During Billie Eilish’s headlining performance at Coachella, the Gen Z pop star paused her parade of hits to invite a special guest to join her on stage. It was none other than Damon Albarn.
“This man changed my life in a lot of ways and changed my complete view of what music could be, and what art could be, and what creation could be,” she gushed when Damon Albarn sauntered out to perform the 2005 single “Feel Good Inc.” “This man is literally a genius.”
It should have been a triumphant victory lap for the songwriter behind Gorillaz and Blur — clear evidence of how his three-decades-long career has inspired the generations that have followed.
However, speaking with Exclaim! about it during a Zoom call from his Studio 13 in London, UK, he remembers the night a little differently:
“I completely cocked up a tune,” he says, cutting me off before I even finish my question. “That was because I’m not used to [in-ear monitors]. Everyone in this generation uses in-ears, and it was really tricky. In fact, both weekends — because I played with Flume the next weekend — I had the same problem, even though I had tried to make sure. And I did get my lyrics mixed up. Anyway, there you go. That was that.”
It has been noted that Eilish didn’t hold any of Albarn’s perceived flubs against him:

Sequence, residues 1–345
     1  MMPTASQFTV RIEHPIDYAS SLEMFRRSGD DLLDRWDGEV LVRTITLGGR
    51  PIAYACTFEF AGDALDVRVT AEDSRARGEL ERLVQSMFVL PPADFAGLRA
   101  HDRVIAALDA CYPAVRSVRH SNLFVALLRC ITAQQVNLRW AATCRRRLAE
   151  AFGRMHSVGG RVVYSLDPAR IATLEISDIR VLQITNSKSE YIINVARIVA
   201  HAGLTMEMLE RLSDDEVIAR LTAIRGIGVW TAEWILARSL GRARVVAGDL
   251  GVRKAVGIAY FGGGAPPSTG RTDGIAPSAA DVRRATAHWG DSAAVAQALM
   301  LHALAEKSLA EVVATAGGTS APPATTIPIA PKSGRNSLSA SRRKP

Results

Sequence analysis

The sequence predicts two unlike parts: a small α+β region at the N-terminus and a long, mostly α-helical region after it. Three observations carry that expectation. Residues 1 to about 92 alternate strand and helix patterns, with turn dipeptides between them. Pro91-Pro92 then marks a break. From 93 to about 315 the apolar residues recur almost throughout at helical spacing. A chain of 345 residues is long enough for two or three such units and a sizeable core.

“She’s fantastic, so she embraced it with a sense of humour, which is appreciated,” he adds humbly.
Eilish’s admiration for Gorillaz is just the latest example of the band’s enduring popularity among listeners of all ages and Albarn’s concerns about the quality of the performance reveal just how devoted he remains to his craft.
More than two decades have passed since their 2001 self-titled debut and the virtual band founded by Albarn and animator Jamie Hewlett have resisted becoming a legacy act: they’ve continued to release well-received new material, and their streams far surpass those of Albarn’s other projects — including his solo albums, as well as his explorations of dub in the Good, the Bad & the Queen and funky Afrobeat in Rocket Juice & the Moon. Even his zeitgeist-defining ’90s band Blur (who are set to reunite this year) struggle to match the continuing crossover appeal of Gorillaz.